Cuzco is the center of South America as far as most are concerned. The place is full of foreigners planning a trip to the Inca Trail, returning from a trip to the Inca Trail, arranging some expedition or simply taking in the sites---and there are enough to go around. Cuzco was the absolute religious and political center of the Inca Empire (the word "Cuzco"---more properly Qosqo---means ´navel´.) From here I planned last year's 9-day solo expedition to the last Inca redoubt of Vilcabamba, and from here I am planning another such journey, one to the ruins of Choquequirao and then on through the Andes until the town of Huancacalle ten days later. I leave Monday, full of anticipation.


Veni. Vidi. Vici.

I returned today from the most extraordinary and difficult backpacking experience of my career---and I have walked the Darien Gap. Twelve days were spent backpacking alone through the Andes from the village of Cachora to the Inca ruins of Choquequirao and then on through the mountains to the road head at Huancacalle. The route I chose was 100 kilometers long. Several passes were crossed, one at 4200 meters and another at 4600. All told over 10,000 meters of ascent and descent were involved. Yes, I was worried at times, scared at others and delirious at others. At all times I was astounded at the sheer magnitude of what was all around me, surely God's creation in all its frightening magnificence. I am a bit thin now, my waist being what it was in college 25 years and 1000 summers ago.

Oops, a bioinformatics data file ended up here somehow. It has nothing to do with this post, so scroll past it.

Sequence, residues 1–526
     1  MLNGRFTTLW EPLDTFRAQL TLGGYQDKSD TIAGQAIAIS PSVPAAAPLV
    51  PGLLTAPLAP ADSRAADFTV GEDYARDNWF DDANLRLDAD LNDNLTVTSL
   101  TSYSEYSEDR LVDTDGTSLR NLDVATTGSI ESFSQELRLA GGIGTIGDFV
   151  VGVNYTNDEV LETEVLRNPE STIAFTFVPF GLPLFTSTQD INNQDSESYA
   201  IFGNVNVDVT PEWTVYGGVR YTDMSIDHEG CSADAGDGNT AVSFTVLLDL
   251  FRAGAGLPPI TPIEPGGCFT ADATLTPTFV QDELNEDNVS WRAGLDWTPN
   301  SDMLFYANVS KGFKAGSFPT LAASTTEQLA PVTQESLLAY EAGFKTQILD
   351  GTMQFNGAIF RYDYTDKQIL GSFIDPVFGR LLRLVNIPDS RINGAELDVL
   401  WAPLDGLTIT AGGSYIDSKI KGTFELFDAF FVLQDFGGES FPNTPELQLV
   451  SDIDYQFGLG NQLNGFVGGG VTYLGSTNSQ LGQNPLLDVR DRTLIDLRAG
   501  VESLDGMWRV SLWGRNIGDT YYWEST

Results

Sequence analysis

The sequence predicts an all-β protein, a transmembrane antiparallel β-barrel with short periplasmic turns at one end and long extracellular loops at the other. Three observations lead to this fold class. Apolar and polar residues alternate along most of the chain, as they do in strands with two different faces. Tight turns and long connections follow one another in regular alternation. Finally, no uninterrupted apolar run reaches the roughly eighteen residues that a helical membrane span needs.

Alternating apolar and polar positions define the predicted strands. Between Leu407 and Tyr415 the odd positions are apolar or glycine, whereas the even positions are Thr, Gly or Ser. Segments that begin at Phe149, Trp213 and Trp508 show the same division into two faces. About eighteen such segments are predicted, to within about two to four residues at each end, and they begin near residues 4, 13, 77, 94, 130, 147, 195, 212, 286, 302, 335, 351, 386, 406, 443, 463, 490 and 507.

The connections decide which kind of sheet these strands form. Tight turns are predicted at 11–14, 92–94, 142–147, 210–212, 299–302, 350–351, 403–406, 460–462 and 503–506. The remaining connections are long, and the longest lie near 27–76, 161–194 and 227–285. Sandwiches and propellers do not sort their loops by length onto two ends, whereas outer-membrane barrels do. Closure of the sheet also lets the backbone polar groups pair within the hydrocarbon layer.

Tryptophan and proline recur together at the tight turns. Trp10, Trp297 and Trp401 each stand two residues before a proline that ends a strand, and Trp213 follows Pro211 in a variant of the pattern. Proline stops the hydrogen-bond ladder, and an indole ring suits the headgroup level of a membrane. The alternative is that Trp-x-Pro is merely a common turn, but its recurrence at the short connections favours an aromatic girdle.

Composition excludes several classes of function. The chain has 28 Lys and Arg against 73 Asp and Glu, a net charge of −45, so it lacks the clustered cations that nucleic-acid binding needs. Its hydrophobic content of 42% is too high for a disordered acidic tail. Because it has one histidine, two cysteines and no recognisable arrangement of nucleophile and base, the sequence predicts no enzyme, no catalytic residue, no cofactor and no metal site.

And I am invincible.

Oh...did I say that was alone? Well, not exactly. At my every step walked Christ: encouraging, challenging and carrying me. Of miracles there were many. I live, that is one.

See you tomorrow. Sleep well. I know that I shall.


Wandering Jews

There is a tradition for young Israelis who have just finished their military service to do a four-month stint of travel either to Asia or to South America. I have seen hordes of them, usually in groups of four. They tend to be remarkably fit and do not care who knows it. When they backpack they are fast---very fast. Some years ago I was doing the entire circuit around Torres del Paine National Park in Chile. I ran into some Israelis---that is, I spoke to them briefly as they passed me on the trail. It took me nine days to walk the entire thing; they took four.